Overall, it is important to treat patients with asthma and fixed airflow limitation aggressively, although within the context of current recommendations in international guidelines. In general, inhaled corticosteroids are the most effective controller medications currently available for patients with fixed airflow limitation, and if adequate asthma control is not achieved with inhaled corticosteroid monotherapy, the addition of other controllers including long-acting β2-agonists, leukotriene modifiers, or other agents can be considered.1,2


References

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  2. Global Initiative for Asthma (GINA). GINA report, global strategy for asthma management and prevention (updated December 2009). http://www.ginasthma.org. Accessed August 25, 2010.
  3. Pellegrino R, Viegi G, Brusasco V, et al. Interpretative strategies for lung function tests. Eur Respir J. 2005;26(5):948-968.
  4. Lee JH, Haselkorn T, Borish L, Rasouliyan L, Chipps BE, Wenzel SE. Risk factors associated with persistent airflow limitation in severe or difficult-to-treat asthma: insights from the TENOR study. Chest. 2007;132(6):1882-1889.
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  6. Dolan CM, Fraher KE, Bleecker ER, et al. Design and baseline characteristics of the epidemiology and natural history of asthma: outcomes and treatment regimens (TENOR) study: a large cohort of patients with severe or difficult-to-treat asthma. Ann Allergy Asthma Immunol. 2004;92(1):32-39.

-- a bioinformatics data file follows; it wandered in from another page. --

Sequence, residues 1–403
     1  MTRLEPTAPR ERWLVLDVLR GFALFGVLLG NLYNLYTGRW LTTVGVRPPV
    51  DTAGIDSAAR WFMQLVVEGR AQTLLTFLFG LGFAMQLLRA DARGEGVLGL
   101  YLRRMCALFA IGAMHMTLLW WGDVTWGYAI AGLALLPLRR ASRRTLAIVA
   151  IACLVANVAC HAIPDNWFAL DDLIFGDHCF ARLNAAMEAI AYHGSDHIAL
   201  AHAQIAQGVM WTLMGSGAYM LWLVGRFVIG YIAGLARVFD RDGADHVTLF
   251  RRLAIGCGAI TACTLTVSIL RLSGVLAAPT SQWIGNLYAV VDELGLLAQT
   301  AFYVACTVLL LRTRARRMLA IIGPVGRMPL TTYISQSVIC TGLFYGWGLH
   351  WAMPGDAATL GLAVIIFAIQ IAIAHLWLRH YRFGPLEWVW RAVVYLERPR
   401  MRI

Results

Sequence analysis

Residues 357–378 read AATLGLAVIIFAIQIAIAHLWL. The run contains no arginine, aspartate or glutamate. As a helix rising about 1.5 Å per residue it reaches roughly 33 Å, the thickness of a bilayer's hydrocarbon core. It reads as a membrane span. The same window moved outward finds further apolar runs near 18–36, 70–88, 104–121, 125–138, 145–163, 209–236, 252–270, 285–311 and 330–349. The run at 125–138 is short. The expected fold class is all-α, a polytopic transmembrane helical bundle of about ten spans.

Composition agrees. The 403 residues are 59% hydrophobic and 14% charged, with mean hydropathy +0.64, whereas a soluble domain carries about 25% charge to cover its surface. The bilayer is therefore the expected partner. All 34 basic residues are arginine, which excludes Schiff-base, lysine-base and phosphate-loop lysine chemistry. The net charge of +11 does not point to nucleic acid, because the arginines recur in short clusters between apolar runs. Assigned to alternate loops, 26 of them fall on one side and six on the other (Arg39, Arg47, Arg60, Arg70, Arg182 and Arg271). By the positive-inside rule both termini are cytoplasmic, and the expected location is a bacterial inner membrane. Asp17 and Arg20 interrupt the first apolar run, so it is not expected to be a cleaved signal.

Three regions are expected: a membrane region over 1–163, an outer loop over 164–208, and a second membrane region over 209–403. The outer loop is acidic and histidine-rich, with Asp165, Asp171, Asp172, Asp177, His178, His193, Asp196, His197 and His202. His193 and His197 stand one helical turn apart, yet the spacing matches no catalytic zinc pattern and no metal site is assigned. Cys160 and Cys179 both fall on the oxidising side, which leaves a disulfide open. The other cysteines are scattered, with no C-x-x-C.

7. ten Brinke A, Zwinderman AH, Sterk PJ, Rabe KF, Bel EH. Factors associated with persistent airflow limitation in severe asthma. Am J Respir Crit Care Med. 2001;164(5):744-748.
  8. Vonk JM, Jongepier H, Panhuysen CI, Schouten JP, Bleecker ER, Postma DS. Risk factors associated with the presence of irreversible airflow limitation and reduced transfer coefficient in patients with asthma after 26 years of follow up. Thorax. 2003;58(4):322-327.
  9. ten Brinke A. Risk factors associated with irreversible airflow limitation in asthma. Curr Opin Allergy Clin Immunol. 2008;8(1):63-69.
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  16. Gelb AF, Zamel N. Unsuspected pseudophysiologic emphysema in chronic persistent asthma. Am J Respir Crit Care Med. 2000;162(5):1778-1782.
  17. Cho JY, Miller M, Baek KJ, et al. Inhibition of airway remodeling in IL-5- deficient mice. J Clin Invest. 2004;113(4):551-560.
  18. Minshall EM, Leung DY, Martin RJ, et al. Eosinophil-associated TGF-beta1 mRNA expression and airways fibrosis in bronchial asthma. Am J Respir Cell Mol Biol. 1997;17(3):326-333.
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  21. Lange P, Parner J, Vestbo J, Schnohr P, Jensen G. A 15-year follow-up study of ventilatory function in adults with asthma. N Engl J Med. 1998;339(17):1194-1200.
  22. Phelan PD, Robertson CF, Olinsky A. The Melbourne Asthma Study: 1964-1999. J Allergy Clin Immunol. 2002;109(2):189-194.
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  24. Smith AD, Cowan JO, Brassett KP, Herbison GP, Taylor DR. Use of exhaled nitric oxide measurements to guide treatment in chronic asthma. N Engl J Med. 2005;352(21):2163-2173.
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  26. Jayaram L, Pizzichini MM, Cook RJ, et al. Determining asthma treatment by monitoring sputum cell counts: effect on exacerbations. Eur Respir J. 2006;27(3):483-494.